The children of 94-year-old Alice Limbrick claim their mother's legs had to amputated four years ago because of negligent care during her stay at the Green Acres Parkdale nursing home. Failing to properly monitor, treat and care for the decubitus ulcers, which progressed and worsened while Alice was a resident;
The Limbrick family will spend the next week attempting to prove their allegations to jurors as the trial of Roy Limbrick vs. Mariner Health Care Inc. (Green Acres) began Wednesday, Jan. 23, in Judge Milton Shuffield's 136th District Court.
The defense will argue that the decision to amputate Alice Limbrick's legs extended her life and that the measure had to be taken because of Alice's severe medical conditions and extreme old age.
According to the plaintiff's petition, filed in the Jefferson County District court on Dec. 19, 2005, Alice Limbrick was admitted to Green Acres for long-term care on June 12, 1995, with multiple health problems. Nearly a decade later, on Nov. 19, 2003, Alice lost her balance and fell while in the TV room, fracturing her left hip.
The plaintiffs say Limbrick was admitted to Baptist Hospitals of Southeast Texas, where she developed pressure ulcers (bed sores) and eight blisters on both heels and left leg. On Dec, 10, 2003, she was discharged back to Green Acres.
A week later, she was readmitted to Baptist Hospital "with a diagnoses of having gangrene on both heels," the suit said.
The decubitus ulcers to her heels and left leg continued to deteriorate. And on July 5, 2004, Limbrick's legs were amputated below her knees, the suit said.
"While under the care of Green Acres and Baptist Hospital, Alice Limbrick suffered gross abuse, extensive neglect and undue pain," the suit states.
In his opening remarks, plaintiffs' attorney Clay Dugas said one of Alice's heels had "turned to mush."
Before the start of the trial, Baptist Hospital, a defendant in the suit, settled.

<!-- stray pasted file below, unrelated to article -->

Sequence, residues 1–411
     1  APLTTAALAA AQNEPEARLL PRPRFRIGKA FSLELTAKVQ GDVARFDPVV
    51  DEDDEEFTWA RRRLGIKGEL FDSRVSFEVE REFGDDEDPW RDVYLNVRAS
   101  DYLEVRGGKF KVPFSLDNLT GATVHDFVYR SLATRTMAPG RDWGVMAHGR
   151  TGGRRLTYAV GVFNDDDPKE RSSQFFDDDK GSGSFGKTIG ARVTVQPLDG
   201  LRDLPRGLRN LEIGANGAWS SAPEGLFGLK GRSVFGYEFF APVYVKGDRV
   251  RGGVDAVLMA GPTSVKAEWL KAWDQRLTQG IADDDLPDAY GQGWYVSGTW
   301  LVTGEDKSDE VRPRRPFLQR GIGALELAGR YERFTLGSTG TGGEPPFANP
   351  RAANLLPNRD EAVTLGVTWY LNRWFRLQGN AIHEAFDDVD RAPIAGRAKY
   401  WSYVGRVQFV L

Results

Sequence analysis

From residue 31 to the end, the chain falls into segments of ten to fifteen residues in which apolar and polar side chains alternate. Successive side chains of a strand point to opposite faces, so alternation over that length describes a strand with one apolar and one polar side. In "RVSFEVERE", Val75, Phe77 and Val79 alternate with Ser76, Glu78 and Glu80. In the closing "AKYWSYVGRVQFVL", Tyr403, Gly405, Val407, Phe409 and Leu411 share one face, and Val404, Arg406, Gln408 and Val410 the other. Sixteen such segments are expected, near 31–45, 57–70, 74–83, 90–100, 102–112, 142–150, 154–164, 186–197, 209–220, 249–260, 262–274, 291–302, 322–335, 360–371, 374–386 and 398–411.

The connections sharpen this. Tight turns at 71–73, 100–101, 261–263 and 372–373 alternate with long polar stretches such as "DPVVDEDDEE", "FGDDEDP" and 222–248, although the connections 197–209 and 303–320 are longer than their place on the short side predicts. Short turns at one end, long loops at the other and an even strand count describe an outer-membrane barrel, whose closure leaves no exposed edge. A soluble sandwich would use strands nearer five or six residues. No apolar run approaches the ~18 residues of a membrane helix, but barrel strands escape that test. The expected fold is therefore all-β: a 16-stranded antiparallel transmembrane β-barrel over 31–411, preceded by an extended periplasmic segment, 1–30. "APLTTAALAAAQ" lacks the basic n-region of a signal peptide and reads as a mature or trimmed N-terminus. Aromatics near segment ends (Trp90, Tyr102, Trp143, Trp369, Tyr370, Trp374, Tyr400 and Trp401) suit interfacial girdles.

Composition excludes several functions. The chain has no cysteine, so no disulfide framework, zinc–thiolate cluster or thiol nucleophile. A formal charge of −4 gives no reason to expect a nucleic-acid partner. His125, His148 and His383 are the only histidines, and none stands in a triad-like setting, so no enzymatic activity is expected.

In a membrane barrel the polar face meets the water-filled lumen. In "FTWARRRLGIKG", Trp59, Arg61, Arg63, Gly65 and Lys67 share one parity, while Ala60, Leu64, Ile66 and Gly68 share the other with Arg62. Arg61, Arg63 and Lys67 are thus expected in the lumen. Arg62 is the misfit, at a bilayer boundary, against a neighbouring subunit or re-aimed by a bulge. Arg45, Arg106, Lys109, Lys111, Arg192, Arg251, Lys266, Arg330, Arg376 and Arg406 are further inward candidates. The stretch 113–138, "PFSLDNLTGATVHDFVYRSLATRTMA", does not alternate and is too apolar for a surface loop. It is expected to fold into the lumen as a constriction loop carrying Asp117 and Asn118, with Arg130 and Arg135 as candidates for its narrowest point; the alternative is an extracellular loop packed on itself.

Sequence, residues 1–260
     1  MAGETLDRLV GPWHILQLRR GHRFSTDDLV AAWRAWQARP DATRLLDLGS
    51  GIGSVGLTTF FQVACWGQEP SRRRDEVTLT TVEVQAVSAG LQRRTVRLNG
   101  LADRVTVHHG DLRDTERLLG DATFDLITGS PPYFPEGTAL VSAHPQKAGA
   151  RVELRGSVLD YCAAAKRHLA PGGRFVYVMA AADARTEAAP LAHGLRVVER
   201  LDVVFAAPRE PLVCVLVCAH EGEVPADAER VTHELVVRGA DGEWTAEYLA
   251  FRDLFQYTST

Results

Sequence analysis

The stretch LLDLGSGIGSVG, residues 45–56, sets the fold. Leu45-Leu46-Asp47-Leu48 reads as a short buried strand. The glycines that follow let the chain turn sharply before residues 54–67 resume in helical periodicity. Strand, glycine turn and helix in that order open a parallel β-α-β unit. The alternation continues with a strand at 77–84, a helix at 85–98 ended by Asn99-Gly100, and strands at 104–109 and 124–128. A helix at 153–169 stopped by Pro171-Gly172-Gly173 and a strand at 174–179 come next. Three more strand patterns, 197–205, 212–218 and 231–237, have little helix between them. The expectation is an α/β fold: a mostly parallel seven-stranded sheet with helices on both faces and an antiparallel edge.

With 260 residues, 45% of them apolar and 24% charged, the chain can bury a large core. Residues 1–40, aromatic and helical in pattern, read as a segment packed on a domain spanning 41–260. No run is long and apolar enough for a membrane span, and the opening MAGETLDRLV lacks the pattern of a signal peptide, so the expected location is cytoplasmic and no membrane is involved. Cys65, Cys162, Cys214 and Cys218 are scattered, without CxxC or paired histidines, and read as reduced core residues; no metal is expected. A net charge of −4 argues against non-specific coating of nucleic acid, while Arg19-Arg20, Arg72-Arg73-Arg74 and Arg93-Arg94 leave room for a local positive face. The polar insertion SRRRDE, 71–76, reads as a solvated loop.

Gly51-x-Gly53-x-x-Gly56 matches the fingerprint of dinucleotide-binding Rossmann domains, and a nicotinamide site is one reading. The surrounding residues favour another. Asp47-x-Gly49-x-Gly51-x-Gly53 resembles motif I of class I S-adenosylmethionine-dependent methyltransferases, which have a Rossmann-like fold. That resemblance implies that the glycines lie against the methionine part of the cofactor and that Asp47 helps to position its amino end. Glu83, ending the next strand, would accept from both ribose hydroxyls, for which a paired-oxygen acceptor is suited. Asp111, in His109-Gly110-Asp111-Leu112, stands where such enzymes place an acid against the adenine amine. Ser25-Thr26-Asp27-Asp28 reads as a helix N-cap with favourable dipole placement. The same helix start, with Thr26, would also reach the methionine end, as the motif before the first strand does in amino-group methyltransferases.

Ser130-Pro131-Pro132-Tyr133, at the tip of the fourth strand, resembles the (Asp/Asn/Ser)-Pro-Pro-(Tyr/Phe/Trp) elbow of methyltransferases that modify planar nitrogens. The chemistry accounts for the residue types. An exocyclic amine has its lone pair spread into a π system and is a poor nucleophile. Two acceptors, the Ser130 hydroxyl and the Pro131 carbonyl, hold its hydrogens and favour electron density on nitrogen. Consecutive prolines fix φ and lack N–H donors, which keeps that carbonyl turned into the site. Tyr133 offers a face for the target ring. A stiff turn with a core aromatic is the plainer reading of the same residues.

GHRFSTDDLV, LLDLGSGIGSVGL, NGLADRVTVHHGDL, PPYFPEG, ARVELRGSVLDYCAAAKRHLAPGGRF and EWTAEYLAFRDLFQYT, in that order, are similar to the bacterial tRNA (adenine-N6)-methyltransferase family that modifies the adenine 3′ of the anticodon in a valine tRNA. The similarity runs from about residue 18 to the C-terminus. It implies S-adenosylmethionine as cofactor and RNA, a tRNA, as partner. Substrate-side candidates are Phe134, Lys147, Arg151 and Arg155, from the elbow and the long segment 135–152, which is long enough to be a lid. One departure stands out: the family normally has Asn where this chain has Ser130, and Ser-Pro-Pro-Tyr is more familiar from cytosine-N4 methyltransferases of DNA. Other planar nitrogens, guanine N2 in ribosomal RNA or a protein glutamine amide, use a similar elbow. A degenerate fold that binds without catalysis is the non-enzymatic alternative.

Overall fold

But defendant Green Acres contends Limbricks's debilitating condition began during her stay with Baptist Hospital, arguing that the blisters she developed at the hospital were a manifestation of deeper tissue damage.
The defense also argues that Alice Limbrick did not heal properly because the family made medical decisions on her behalf that prevented her from obtaining the acute care required for healing. The family authorized a "Do Not Resuscitate" order and chose to send Alice to a hospice instead of an acute care facility, the nursing home argues.
According to opening remarks from both sides, Limbrick suffered from diabetes, Alzheimer's disease, dementia and extremely poor blood circulation.
The defense argues a combination of her medical conditions and old age weakened her immune system, making healing difficult. "The ultimate answer for Alice Limbrick was amputation."
The family and attorney contend that despite her old age, her legs could have been saved had Green Acres nurses turned and repositioned her every two hours.
The family also argues that Green Acres nurses did not change Limbricks's bandages on a regular basis and that family members often had confrontations with nursing staff regarding the elderly woman's alleged poor care.
"We are here so that justice is brought out to the light of day so people can know what happens to the elderly at nursing homes," Dugas said.
In the suit, the plaintiffs allege that Green Acres' nurses were negligent in the following ways:
Failing to properly assess Alice's risk level in the progression of pressure ulcers;
Failing to prevent the progression of Alice's decubitus ulcers;
And by failing to prevent infection in Alice's decubitus ulcers.
The Limbrick family is suing for punitive damages.
Case No. D176-228